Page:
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Mama Louisa’s Calabrian gnocchi. 

When Michael Elefante was bussing tables at his family’s Italian restaurant at the age of 5, virtually every dish on the menu was ladled with red tomato sauce. These days, as executive chef at the same eatery, he’s pushing culinary boundaries in a way that honors the traditions of old school Italia while exploring the potential that seasonality can bring to the plate.

Call it a tale of two tables. 

Expressions of these distinct approaches can be found on a single menu at Mama Louisa’s, 2041 S. Craycroft Road, where dishes from both a heritage-style Italian table and a modern, or what he calls a “third-generation,” table are sharing the spotlight.

After taking some time away from the family business in 2010, which ultimately led to a four-year stint in the kitchen at the Ritz-Carlton, Dove Mountain, Elefante returned to his restaurant home with the intention of elevating the cuisine while preserving the classic dishes that they’ve been making since 1956.

“Doing different things meant finding a place that balances a higher-end yet approachable experience with what I call the ‘Grandma’s Sunday dinner’ style of cooking that we’ve been known for,” he said. “Offering both a heritage and a third-generation menu essentially allows us to bring a mini restaurant inside of our restaurant.”

For fans of Mama Louisa’s old school spirit, fear not. The bulk of the menu continues to let pasta and red sauce shine in the same way that it’s been done for decades. In fact, the sauce-heavy Joe’s Special, its signature dish, outsells other dishes by eight to one.

“If I was a smart man, I’d put a nickel in the price of every Joe’s Special that we sold, and that would be my retirement,” he said.

But for those looking to experience Elefante’s advanced culinary chops, the 11 dishes on his current third-generation menu will deliver.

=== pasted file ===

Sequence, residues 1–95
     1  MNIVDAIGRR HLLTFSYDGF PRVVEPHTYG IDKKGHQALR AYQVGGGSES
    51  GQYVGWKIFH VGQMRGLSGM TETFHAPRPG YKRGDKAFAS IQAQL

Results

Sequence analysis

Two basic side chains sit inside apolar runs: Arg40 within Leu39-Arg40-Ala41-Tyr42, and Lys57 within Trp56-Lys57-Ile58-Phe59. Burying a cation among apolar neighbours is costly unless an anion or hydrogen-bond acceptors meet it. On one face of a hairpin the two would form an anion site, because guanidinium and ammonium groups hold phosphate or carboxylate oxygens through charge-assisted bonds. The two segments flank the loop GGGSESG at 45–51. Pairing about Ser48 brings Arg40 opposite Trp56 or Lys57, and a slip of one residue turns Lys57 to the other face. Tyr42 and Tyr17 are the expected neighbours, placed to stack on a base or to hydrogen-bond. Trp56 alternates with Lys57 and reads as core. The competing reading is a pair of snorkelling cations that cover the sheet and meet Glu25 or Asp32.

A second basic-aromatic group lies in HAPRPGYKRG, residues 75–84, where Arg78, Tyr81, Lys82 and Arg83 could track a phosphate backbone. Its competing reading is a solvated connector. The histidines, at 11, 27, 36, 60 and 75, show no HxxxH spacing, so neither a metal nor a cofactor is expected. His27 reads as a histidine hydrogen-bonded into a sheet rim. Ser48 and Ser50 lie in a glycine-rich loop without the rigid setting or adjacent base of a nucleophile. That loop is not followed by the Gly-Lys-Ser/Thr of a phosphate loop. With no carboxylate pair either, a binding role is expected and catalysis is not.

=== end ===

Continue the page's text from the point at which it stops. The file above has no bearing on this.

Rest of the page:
One example is what he calls a love letter to his wife, Crystal.

“Every menu I put out, I dedicate at least one dish to my wife as a way of showing that I’m always thinking about her, and our roasted bone marrow starter is my current one,” he said.

Elefante’s family hails from Italy’s Amalfi Coast, which reportedly produces the best lemons in the world, while Crystal’s family has Calabrian roots in Southwest Italy, known for Calabrian chiles. The dish is a loving blend of both, with the creamy bone marrow plated alongside a preserved lemon gremolata, a Calabrian chile caponata, and focaccia toast.

Can you feel the love?

Another third-generation selection was inspired by Elefante’s winning gnocchi dish at last year’s Bacon, Blues, and Brews event sponsored by the Tucson Originals.

The Calabrian gnocchi, obviously another love letter to Crystal, features poached and fried gnocchi, a Calabrian chile and bacon jam, sautéed Brussels sprouts and mushrooms, grilled chicken, and house-made ricotta, all topped with a candied hazelnut brittle.

You may have to be reminded that you’re at Mama Louisa’s when you see these kinds of dishes on the menu, but the checkerboard tablecloths underneath them should bring you back. 

To keep his third-generation story fresh, Elefante also maintains onsite gardens that produce several ingredients for his rotating menu, including two species of lavender, lemons, thyme, oregano, bay leaves, rosemary, parsley, lettuce, three grape varietals, and, for his darling Crystal, Calabrian chiles.

It doesn’t matter what side of the menu you order from, or what Italian cooking style you prefer, there’s room at the Elefante family table for every generation. 

Contact Matt Russell, whose day job is CEO of Russell Public Communications, at Russell is also the publisher of as well as the host of the Friday Weekend Watch segment on the “Buckmaster Show” on KVOI 1030 AM.